Non-Profit Event Marketing – Are You Maximizing Your Return on Time Investment?
There’s a reason non-profit organizations put so much money into their event marketing: a well-marketed fundraiser increases brand awareness, attracts new donors and is a great opportunity to secure corporate sponsorships. But with all of that effort comes a huge time commitment; and considering the small staff sizes at most non-profits – even the biggest ones! – time is a huge commodity for each and every employee. To make sure you’re getting the greatest return on your team’s time investment, you’ll want to make sure your event is executed with your long-term goals in mind.
Any good non-profit event planner understands the basic logistics of running a successful event. They know how important it is to target potential sponsors and probable donors; they’re familiar with all of the most effective promotional and advertising channels; and they appreciate the importance of sending out post-event thank you messages to their major supporters. They follow the same format year after year, and they do it well. But what’s often missed is the long-term strategy, and that’s what is going to maximize your time ROI.
Every event you run – regardless of whether you’re a non-profit – should be executed with the purpose of meeting multiple goals. Yes, maximizing ticket sales and nabbing major sponsorships and donations are all primary objectives; but there’s more to it than that. These events are a great way to expand your reach in ways that will benefit your organization well into the future.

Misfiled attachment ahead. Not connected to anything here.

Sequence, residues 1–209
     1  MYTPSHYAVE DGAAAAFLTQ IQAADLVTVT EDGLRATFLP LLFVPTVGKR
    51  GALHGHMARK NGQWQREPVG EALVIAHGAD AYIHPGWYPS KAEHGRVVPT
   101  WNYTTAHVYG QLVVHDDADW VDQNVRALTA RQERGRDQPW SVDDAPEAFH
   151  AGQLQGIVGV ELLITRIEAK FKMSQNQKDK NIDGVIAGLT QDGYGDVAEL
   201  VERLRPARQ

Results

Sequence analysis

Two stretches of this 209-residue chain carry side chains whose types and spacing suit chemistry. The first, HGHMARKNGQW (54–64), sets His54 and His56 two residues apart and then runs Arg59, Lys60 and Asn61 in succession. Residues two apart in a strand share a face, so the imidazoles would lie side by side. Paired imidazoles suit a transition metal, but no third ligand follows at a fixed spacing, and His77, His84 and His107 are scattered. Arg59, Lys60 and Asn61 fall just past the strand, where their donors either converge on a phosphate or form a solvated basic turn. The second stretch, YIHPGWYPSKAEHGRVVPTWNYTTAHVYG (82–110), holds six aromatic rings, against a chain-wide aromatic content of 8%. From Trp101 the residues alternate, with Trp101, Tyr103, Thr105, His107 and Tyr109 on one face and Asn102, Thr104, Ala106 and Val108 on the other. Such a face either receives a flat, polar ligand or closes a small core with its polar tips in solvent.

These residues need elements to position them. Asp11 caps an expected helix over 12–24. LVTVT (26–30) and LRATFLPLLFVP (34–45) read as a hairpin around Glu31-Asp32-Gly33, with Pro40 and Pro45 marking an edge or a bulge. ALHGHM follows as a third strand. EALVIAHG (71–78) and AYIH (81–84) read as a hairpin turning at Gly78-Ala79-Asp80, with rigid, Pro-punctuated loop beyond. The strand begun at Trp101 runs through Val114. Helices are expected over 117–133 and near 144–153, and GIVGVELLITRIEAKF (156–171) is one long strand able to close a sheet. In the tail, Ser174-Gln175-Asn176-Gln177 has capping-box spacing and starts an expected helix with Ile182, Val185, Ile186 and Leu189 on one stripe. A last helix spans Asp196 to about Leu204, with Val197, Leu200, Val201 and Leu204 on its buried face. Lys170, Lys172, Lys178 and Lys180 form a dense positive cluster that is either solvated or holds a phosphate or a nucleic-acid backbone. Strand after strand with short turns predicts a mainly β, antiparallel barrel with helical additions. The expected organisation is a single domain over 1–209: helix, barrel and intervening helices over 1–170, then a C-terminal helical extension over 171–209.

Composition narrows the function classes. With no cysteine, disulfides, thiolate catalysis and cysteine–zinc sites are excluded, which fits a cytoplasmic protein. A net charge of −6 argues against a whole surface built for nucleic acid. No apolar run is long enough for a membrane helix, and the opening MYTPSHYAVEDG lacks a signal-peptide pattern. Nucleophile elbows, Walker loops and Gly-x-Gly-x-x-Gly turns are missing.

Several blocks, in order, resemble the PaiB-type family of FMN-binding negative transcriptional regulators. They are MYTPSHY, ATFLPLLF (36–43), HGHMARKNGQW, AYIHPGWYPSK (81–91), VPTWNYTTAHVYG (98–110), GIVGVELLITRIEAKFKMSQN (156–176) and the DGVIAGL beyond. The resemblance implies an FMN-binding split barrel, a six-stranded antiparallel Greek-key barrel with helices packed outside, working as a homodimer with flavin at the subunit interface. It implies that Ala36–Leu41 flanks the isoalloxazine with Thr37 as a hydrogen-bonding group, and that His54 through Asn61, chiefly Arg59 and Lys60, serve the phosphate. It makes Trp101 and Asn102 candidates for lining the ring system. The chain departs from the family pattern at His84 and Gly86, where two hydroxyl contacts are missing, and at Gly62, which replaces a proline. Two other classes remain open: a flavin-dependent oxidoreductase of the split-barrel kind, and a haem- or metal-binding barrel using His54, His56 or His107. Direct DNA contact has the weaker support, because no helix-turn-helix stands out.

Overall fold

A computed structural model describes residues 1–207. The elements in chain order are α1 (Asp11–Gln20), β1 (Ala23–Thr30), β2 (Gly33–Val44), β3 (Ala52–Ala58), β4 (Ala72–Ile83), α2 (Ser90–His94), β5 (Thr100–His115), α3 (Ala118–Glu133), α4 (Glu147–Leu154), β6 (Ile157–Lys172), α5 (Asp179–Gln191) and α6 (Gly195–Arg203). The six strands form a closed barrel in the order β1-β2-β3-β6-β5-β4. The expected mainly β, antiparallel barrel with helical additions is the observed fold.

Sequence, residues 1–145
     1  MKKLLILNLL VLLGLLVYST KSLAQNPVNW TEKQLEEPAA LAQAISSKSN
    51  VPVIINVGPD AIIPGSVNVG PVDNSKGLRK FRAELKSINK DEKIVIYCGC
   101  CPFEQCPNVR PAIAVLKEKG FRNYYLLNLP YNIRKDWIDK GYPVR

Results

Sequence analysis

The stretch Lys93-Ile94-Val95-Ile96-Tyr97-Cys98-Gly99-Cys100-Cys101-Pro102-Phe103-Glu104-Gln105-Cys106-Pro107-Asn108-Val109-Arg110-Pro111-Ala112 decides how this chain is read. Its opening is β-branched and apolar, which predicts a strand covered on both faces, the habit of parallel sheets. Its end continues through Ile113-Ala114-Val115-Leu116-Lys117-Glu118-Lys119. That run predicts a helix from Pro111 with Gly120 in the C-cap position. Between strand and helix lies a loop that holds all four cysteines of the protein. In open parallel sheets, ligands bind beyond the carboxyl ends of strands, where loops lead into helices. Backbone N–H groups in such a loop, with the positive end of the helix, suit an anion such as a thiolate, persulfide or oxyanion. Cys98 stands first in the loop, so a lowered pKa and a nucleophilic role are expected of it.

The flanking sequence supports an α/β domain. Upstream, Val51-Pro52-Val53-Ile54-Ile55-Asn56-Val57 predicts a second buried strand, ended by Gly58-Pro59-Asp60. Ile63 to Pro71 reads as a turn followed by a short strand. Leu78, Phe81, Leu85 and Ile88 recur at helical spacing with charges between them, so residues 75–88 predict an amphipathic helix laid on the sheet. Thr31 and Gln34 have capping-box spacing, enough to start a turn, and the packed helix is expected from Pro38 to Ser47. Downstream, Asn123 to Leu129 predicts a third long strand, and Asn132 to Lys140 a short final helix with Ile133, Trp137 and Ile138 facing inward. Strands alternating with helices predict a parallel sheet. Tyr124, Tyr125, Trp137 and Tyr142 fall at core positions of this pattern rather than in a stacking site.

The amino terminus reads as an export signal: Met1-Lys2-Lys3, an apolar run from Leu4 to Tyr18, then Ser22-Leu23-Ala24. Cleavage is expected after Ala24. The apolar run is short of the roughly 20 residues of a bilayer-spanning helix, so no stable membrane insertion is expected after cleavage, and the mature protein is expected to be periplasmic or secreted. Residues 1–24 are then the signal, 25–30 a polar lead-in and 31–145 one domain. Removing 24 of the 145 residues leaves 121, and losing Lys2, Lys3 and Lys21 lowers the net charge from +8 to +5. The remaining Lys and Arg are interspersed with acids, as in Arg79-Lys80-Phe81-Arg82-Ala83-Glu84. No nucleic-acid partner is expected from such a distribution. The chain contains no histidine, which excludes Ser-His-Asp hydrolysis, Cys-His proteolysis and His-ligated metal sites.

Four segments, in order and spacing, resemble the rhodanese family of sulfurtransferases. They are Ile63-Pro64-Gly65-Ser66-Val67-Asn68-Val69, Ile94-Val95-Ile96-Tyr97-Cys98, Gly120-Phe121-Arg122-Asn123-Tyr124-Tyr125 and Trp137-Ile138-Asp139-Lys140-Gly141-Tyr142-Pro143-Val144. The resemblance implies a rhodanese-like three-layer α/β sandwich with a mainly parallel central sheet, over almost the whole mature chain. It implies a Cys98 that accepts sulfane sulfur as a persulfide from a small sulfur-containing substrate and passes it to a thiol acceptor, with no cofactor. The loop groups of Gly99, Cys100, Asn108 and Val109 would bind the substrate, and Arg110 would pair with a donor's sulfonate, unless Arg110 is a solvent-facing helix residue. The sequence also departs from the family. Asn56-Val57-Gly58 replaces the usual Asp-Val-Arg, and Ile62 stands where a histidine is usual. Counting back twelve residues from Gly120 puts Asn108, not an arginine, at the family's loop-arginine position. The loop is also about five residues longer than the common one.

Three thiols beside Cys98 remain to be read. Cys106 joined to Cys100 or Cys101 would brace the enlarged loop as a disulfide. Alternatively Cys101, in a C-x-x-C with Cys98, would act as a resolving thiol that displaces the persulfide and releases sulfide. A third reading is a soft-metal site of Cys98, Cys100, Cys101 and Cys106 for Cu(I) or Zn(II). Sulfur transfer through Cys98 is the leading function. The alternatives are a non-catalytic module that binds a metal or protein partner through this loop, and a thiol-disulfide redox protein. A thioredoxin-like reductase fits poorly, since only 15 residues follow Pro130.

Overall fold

- Use the event as a platform for cultivating relationships with previously untapped groups – whether it’s small businesses, major industries, or something else altogether – to solicit their support going forward.
- Use the event as a launch pad for your next major campaign, initiative or project.
To achieve these long-term goals, you’ll first need to craft a clear-cut action plan that’s tailored for your specific event. Your plan should account not only for ensuring the success of your event, but also for leveraging the event toward a greater reward – whatever you have outlined that to be. According to our recommended method, the three-month period leading up to your event should be used for strategy development and mapping out your cross-marketing initiatives, while the six to eight weeks immediately following the event are dedicated to post-event follow-ups.
Here’s a real-world example: A non-profit organization would like to maximize its small business outreach, so it has planned an event aimed at attracting and recognizing small business owners with the intention of cultivating ongoing monthly sponsorship opportunities for those businesses – ideally through media sponsorships. The strategic marketing plan for this endeavor includes not only basic event marketing, but also laser focused event campaigns aimed directly at small businesses, and a defined approach for following up with attendees after the event.
Remember, that post-event period is crucial. Although it’s easy to want to direct the bulk of your time, money and resources into the planning and execution of your event, it’s just as important to give the follow-up period equal attention. That is when you get to capitalize on your investment. Your continued efforts lead to sustained relationships, regular engagements and additional touches.
For help planning a marketing strategy for your next non-profit event, contact us now to schedule a consultation.